Two of the most common cancers affecting women are breast and cervical cancers, and detecting them early is key to their effective management and mitigation. One lakh new cervical cancer patients are diagnosed in India every year. By 2025, this number is slated to go up to five lakh. Similarly, breast cancer is the second most common cancer in India and is rightly called ‘the cancer of affluent society’. This is because its risk factors, the lifestyle trends that are most associated with urban living.
What are the risk factors of cervical and breast cancer?
The risk factors of cervical cancer, especially in rural areas, include early marriage custom, multiparity (having given birth multiple times), smoking tobacco products and poor personal hygiene, among others.
On the other hand, late marriage, no children, no breastfeeding, poor dietary habits – all of these mostly associated with urban lifestyle – are the risk factors of breast cancer. Besides, genetics plays a role too; if first degree relatives (mother, sister, daughter) have or had cancer, the chances of a woman having breast cancer increases by 2.5 to 3 times.
Which signs and symptoms of cervical and breast cancer should women watch out for?
In the early stages, the symptoms of cervical cancer include post-coital spotting, any type of abnormal vaginal discharge, persistent lower back ache, etc. In advanced stages, the disease may start affecting other organs such as liver and bones and symptoms may be visible likewise.
In case of breast cancer, women should be observant of any kind of lump in their breasts or adjoining areas like armpits. Other red flags are discharge from nipples, especially bloody discharge, and any thickening of the overlying skin or changes in its colour. Plus, even if a lump has been proven to be benign, a change in its texture and size can signal the onset of malignancy, and should be checked by a doctor.
What indicative screening procedures should one follow for both these cancers?
In the pre-invasive stage, a pap smear with HPV DNA testing should be conducted for cervical cancer diagnosis. In fact, it is recommended that from 23 years onwards, women should get this test done every 3 years, till they are 45-50 years of age.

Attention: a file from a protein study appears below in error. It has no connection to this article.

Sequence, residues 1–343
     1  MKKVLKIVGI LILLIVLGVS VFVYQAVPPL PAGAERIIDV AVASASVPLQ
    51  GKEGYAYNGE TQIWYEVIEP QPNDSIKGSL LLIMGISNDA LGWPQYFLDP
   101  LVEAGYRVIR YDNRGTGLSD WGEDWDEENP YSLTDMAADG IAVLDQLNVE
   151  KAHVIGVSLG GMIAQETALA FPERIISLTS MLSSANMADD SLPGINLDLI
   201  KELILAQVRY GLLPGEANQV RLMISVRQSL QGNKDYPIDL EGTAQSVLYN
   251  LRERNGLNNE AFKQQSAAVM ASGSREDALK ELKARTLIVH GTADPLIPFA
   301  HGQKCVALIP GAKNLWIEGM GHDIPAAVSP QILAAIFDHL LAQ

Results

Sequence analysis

For breast cancer, starting when a woman is around 25 years old, she should do self-examination of the breasts at the end of her monthly menstrual cycle. The pulp of the fingers should be used for probing, and it should be done with a steady pressure. If one finds a lump, it should be immediately reported to a qualified doctor to be further examined. Usually, 20% of such lumps are benign.
What are the treatment options for cervical and breast cancer?
Cervical cancer can be cured in 95% of the cases if detected early. The treatment options include surgery, radiotherapy and chemotherapy – either independently or in concurrence. It varies according to the stage of cancer and the tumor size. The same applies to breast cancer too.
Paras HMRI Hospital has a dedicated oncology department that specializes in such cancers. We have a highly sophisticated course of treatment for cancers, which includes LINAC and Brachytherapy machine. These ensure that the destruction of cancerous cells is highly localized and effective, meaning, maximum radiation dose to the tumour and minimum to the surrounding tissues and organs.
About the HPV vaccine for women…
HPV vaccine is a way for a woman to reduce her risk of cervical cancer. It is even recommended by FDA, and meant for females of 9-45 years. It is given as a series of three shots over six months, and protects against cervical cancer in more than 95% cases. If a woman is at high risk, the vaccine should be given early in the age spectrum. Remember, however, that even women who get an HPV vaccine need regular cervical cancer screening tests.